Friday, March 27, 2015

Fishing With Jim: Des Moines 1977

I met Jim while working at Yonkers while I was still in High School. he was a few years older, from Chicago and a student at Drake University in Des Moines. he seemed much older to me and Jim, more or less, became a mentor of sorts for my entry into the wider world.

he was a funny guy, somewhat well-read and interested in reading and writing, in Hemingway in particular. It was because of him I began to read beyond my usual eclectic Sci-Fi/Adventure material. We remained friends for some years--after high school but not much after I went to the University of Iowa, even though he married and settled in Des Moines. I don't know exactly how I lost touch with him, but he was a fun guy, wise in some ways.

Anyway, what I'm thinking of was a time we went fishing on a cold morning.

By then I had just graduated from High School with no real plans to attend college. I had run off to Florida for a bit, was working different jobs until he got me a job at the UPS warehouse there in Des Moines. I worked nights--maybe 4 to 1am or so 5 to 2am or some such--unloading trucks and sending packages on their way. I'm thinking he worked nights as well. So, he asked if I wanted to go fishing the next morning (or, that morning) when the sun came up and I said yes.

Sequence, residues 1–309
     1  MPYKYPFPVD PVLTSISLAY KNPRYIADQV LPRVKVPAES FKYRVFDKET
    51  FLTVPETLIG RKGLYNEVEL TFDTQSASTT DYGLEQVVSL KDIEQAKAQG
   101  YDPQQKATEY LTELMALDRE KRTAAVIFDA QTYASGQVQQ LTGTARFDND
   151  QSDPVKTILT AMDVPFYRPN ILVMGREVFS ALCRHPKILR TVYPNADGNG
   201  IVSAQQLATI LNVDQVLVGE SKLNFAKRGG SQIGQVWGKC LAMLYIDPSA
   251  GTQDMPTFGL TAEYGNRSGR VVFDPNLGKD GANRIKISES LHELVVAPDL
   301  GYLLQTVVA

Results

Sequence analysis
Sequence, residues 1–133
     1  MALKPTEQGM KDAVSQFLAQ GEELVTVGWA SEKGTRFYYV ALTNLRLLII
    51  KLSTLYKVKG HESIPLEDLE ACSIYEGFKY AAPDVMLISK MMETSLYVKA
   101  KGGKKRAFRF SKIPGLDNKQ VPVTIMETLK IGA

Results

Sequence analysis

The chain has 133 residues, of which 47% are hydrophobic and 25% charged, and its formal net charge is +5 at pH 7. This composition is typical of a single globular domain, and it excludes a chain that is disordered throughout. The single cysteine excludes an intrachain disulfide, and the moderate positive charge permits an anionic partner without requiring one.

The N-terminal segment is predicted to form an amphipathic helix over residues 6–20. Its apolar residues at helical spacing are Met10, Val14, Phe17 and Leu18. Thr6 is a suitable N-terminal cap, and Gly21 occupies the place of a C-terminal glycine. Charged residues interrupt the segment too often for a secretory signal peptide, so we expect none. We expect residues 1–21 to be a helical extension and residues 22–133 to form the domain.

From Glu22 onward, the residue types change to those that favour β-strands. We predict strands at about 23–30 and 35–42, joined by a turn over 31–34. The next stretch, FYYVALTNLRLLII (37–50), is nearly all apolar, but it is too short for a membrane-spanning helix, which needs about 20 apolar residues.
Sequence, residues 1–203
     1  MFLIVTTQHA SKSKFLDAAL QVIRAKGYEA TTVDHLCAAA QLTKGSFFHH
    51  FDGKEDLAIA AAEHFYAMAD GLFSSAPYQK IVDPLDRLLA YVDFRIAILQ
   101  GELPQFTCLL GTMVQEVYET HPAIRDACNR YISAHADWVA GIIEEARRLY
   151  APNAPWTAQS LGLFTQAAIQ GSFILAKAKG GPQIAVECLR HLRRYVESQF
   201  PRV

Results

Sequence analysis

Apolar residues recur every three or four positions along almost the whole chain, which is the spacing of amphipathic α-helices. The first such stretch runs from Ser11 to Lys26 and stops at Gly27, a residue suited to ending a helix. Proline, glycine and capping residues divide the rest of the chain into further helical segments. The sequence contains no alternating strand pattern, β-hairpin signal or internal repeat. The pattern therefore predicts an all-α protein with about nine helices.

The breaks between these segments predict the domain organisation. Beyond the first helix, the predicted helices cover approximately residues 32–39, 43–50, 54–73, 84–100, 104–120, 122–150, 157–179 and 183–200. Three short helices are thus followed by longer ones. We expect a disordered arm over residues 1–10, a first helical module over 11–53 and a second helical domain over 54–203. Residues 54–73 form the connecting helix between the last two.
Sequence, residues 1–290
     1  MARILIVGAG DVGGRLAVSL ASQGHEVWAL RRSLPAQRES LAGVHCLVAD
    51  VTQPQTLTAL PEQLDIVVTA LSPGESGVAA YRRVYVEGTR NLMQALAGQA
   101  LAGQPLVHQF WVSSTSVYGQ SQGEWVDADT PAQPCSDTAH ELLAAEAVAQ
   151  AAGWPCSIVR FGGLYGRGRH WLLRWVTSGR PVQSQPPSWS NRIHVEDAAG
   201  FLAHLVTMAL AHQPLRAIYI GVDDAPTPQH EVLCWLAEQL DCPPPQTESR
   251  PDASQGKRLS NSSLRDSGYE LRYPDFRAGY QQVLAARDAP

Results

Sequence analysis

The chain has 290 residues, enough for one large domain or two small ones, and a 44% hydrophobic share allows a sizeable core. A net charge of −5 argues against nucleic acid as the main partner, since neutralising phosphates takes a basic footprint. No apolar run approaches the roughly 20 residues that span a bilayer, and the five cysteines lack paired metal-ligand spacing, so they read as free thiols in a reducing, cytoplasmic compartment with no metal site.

I had never gotten out much beyond my high school friends. I was not and am not a fisherman. Sure, I fished some as a kid. Bob Mauk and I used to walk down to Beaver Creek in Urbandale and fish and goof around in the woods that were there. But Jim came and got me and he had fishing gear and a cooler of beer and we drove out to Big Creek, a reservoir north of the city.

It was early in the day. It was early in the Spring. It was cold. It was just him and me and we baited hooks and stood around on the shore, casting into the murky Iowa waters and getting nothing. He had beer.

I was not used to the idea of drinking in the morning. This was new to me. I did not yet associate fishing--or really about any activity, be it softball or sports-watching or St. Patrick's Day or any Name-Your-Holiday Day--with drinking. I was nineteen. Yes, I drank beer occasionally, drank harder stuff now and then, got drunk now and then, but not during the day and not while fishing and not even every weekend.